One of the most common questions we hear from shop owners is regarding how often they should perform employee reviews. I would like to use this article to not only answer this question, but to provide you with a guide that will enable you to perform reviews that will keep your employees happy and productive.
Putting first things first, let’s start with new hires. With every new employee, during their orientation you should clearly outline the company goals, their personal goals, the goals of the position, the minimum levels of acceptable performance and the relative deadlines. You will also need to let the employee know how you will monitor and measure their productivity, and how you will be reviewing their performance as well as their compliance with company policies.
With every new employee the most critical period will be the first 90 days; it is during this probationary period when you should be evaluating and making your decision regarding whether they are the right fit for your company or not. This is why we at Elite feel it is critical to review your employees most frequently within the first 90 days.
With all new hires, during the first week I strongly encourage you to perform a short 15-minute review at the end of each day. This end-of-the-day session should include a quick discussion about what they have accomplished and learned during the day, you should also ask if they have any questions, and provide them with an overview of your expectations for the following day.
Once the first week has come to an end, you should plan on performing weekly reviews of the employee at the end of each week for the following three weeks. At the end of the first month, you should tell the new hire that you will be performing reviews at the end of each month for the first 90 days.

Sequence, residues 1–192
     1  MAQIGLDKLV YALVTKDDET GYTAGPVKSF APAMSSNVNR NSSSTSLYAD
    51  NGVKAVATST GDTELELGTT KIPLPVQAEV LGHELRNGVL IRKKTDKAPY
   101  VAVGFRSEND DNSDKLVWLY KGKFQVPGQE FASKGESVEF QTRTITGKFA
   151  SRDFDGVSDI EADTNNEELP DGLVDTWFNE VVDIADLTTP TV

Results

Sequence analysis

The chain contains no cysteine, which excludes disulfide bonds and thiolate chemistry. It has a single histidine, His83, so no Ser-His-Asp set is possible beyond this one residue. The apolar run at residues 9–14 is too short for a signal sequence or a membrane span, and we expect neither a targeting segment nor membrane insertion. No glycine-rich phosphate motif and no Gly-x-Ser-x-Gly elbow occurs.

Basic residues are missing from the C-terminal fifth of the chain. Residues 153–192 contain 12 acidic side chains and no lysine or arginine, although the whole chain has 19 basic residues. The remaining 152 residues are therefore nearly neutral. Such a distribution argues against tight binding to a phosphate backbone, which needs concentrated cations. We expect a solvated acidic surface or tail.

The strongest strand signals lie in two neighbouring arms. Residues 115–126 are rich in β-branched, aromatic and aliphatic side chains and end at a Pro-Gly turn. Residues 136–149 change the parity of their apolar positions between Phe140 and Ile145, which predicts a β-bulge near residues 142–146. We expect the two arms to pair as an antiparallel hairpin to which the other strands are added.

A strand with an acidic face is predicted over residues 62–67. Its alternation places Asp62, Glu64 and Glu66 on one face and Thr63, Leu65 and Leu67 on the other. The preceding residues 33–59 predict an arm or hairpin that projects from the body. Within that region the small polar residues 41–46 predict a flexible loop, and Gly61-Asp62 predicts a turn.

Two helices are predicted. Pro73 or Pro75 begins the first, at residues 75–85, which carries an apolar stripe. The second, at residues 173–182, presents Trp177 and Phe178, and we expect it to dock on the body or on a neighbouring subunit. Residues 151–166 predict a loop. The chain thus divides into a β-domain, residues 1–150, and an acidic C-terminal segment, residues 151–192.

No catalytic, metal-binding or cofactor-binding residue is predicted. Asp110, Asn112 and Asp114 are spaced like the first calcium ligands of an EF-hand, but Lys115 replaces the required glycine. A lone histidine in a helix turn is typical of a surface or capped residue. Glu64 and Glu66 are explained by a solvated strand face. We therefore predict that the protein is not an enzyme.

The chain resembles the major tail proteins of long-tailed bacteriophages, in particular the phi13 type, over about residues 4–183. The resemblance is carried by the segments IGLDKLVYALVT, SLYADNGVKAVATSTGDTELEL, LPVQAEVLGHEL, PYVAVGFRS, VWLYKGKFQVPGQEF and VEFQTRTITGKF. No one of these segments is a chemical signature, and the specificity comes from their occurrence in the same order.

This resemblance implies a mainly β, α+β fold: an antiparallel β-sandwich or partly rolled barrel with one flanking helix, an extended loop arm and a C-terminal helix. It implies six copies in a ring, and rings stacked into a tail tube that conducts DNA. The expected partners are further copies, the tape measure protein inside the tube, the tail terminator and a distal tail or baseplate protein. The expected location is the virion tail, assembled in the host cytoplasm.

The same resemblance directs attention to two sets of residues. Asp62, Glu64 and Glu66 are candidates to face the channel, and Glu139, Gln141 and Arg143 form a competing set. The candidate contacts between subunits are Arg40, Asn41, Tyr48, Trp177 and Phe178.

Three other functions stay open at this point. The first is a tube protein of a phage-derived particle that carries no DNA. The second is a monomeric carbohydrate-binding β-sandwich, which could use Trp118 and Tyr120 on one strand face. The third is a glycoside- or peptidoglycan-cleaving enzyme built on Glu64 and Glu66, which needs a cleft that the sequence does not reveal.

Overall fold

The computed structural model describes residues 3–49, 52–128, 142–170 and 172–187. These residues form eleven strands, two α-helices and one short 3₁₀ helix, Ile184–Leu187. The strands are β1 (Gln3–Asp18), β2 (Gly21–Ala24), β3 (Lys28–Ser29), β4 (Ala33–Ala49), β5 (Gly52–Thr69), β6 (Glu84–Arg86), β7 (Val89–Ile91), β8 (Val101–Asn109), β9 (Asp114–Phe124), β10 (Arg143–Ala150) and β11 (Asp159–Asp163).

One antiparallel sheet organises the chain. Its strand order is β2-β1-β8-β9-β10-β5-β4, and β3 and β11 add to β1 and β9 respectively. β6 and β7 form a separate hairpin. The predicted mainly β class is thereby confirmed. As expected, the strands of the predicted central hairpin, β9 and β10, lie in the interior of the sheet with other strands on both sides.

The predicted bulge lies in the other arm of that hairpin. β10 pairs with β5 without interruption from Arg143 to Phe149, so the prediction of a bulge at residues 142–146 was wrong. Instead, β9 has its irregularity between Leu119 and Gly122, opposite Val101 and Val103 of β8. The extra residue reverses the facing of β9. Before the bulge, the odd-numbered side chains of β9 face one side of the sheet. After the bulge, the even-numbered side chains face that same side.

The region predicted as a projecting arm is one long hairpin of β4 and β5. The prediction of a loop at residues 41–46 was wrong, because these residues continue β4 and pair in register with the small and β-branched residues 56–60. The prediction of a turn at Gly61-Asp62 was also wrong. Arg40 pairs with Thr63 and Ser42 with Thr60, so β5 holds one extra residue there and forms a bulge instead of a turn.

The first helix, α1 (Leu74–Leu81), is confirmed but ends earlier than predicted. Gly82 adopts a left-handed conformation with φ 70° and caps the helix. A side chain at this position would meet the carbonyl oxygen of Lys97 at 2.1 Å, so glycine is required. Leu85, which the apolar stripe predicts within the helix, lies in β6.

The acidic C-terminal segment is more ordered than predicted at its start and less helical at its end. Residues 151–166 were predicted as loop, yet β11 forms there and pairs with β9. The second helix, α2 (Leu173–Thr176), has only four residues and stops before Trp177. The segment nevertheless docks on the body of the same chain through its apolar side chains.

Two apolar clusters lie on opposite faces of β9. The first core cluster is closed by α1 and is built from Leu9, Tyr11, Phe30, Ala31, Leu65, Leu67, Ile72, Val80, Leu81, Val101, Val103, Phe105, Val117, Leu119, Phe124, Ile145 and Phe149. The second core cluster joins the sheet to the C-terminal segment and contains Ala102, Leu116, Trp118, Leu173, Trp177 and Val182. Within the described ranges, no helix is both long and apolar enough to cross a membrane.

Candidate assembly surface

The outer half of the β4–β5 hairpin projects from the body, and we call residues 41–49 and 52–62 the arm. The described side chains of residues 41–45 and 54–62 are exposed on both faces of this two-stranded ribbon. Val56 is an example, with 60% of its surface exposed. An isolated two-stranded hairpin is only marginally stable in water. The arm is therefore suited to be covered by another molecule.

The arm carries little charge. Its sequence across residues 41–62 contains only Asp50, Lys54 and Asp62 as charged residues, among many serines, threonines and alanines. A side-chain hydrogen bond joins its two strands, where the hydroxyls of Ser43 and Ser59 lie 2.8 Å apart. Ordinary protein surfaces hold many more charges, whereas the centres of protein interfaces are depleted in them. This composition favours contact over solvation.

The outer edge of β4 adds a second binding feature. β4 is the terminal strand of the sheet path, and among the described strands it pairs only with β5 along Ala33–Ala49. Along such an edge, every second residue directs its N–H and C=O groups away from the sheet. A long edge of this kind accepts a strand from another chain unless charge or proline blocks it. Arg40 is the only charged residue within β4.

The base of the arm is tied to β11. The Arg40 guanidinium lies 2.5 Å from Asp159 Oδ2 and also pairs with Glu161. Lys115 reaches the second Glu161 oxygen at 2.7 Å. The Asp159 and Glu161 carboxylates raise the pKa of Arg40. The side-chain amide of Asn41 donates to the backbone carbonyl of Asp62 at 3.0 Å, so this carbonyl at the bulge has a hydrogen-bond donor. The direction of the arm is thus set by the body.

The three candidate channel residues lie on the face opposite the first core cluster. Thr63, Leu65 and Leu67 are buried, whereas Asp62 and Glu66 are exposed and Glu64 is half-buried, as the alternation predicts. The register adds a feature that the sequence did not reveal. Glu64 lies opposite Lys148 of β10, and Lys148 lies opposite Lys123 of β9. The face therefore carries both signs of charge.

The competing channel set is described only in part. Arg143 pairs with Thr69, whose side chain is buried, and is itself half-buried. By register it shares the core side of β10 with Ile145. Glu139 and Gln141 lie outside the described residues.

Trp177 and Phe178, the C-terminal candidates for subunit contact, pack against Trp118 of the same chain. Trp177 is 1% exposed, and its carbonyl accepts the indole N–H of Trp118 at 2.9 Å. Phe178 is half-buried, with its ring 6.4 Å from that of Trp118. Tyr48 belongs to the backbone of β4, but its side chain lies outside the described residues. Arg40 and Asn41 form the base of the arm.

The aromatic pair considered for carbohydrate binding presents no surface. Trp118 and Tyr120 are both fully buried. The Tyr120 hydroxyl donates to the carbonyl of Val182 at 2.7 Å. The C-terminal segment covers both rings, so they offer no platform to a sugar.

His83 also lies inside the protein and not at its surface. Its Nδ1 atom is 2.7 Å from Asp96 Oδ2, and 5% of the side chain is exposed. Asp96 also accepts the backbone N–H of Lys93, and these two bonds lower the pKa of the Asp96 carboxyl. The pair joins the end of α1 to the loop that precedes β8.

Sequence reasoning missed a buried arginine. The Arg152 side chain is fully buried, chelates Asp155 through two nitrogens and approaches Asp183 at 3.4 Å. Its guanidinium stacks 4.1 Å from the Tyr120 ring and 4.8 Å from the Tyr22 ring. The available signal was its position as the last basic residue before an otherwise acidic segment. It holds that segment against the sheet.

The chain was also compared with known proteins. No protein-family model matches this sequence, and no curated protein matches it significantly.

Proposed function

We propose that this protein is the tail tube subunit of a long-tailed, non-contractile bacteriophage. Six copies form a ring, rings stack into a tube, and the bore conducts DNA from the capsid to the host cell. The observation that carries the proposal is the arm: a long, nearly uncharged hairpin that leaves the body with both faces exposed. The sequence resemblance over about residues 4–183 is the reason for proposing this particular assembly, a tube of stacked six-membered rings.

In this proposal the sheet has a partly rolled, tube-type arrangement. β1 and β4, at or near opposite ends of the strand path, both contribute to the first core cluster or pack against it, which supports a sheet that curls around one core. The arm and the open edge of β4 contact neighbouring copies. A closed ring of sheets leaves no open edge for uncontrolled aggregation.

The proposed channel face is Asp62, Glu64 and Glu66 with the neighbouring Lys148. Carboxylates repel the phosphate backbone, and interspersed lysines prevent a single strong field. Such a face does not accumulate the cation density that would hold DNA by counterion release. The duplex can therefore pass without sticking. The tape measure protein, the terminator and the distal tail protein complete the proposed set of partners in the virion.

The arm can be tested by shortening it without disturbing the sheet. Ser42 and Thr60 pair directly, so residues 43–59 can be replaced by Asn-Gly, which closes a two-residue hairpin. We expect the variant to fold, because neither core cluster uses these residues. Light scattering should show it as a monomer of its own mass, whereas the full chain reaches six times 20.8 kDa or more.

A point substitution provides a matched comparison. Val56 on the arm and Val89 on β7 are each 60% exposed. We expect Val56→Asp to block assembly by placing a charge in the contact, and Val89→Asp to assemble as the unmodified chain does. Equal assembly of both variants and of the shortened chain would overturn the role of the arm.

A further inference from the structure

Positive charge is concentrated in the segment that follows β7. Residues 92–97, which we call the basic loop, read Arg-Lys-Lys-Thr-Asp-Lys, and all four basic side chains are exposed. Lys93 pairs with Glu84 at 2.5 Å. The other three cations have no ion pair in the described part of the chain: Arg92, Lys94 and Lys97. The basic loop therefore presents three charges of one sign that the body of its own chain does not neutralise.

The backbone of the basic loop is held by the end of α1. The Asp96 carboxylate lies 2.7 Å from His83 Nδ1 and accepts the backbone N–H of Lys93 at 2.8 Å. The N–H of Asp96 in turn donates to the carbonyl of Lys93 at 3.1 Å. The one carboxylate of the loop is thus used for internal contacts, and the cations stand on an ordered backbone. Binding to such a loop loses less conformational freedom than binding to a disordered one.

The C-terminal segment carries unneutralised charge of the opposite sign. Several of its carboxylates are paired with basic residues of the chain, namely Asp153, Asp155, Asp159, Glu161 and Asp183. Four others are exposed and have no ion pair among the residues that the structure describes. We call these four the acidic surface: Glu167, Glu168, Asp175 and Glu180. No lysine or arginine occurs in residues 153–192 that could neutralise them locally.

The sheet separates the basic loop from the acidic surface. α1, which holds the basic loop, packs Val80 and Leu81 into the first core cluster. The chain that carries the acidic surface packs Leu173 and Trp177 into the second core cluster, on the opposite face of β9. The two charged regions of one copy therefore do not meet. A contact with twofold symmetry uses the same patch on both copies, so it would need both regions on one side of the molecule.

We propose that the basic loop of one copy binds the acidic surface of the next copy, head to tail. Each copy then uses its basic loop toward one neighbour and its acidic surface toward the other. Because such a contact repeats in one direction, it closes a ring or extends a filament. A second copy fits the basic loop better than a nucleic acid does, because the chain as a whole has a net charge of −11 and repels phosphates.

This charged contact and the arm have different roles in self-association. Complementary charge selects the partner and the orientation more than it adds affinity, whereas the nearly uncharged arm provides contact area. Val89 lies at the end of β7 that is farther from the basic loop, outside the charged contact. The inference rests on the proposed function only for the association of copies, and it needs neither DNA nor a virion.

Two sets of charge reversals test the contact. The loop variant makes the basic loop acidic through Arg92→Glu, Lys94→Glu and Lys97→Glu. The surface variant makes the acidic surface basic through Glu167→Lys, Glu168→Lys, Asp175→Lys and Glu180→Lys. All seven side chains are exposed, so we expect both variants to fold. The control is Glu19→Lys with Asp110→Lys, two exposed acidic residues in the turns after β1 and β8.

Finally, at the conclusion of the first 90-day probationary period, we recommend that you schedule the reviews to occur every six months.
The secrets to performing great reviews? There are actually a number of them. First of all, you need to monitor and measure everything so you can go into each review well prepared, and in a position where you can speak with certainty, rather than just communicating your general feelings about the employee’s performance.
Secondly, you should advise all employees of their upcoming reviews one week prior to the review date, and you should provide them with a document that outlines what will be addressed during the review. At a minimum, that document should include their specific job goals, the minimum levels of acceptable performance and all the relative deadlines. Ideally, it will also include their documented productivity and historical performance, points of compliance with your company policies and with their specific job description, their personal goals and their advancement when it comes to their skill set.
Lastly, you should have a list of any specific accomplishments that you can recognize and praise, along with your notes from the employee’s last review, which should include points of agreement and action items.
In all cases, the reviews should be casual and you need to ensure that you will be uninterrupted. At Elite, we employ our 50/25/25 review strategy, which means that the first half of the review is dedicated to reviewing the employee, 25% of the time is dedicated to the employee reviewing our company, and the remaining 25% of the time is dedicated to the employee reviewing whomever is conducting the review.
During your reviews you should always draw information out of the employee by asking them how they feel they are performing in each category, and, as appropriate, you should ask them how they feel they can best improve. At the conclusion of the review you should go over your understandings and action items with the employee, and then follow up by providing them with a written copy of your agreed-upon understandings, your expectations, the relative action items and the deadlines.
Does this method take time? It does, but you can rest assured that it doesn’t take nearly the amount of time it takes to deal with employee issues that stem from lack of communication, or to look for new employees when you lose those priceless stars … who you already have.
Courtesy Shop Owner.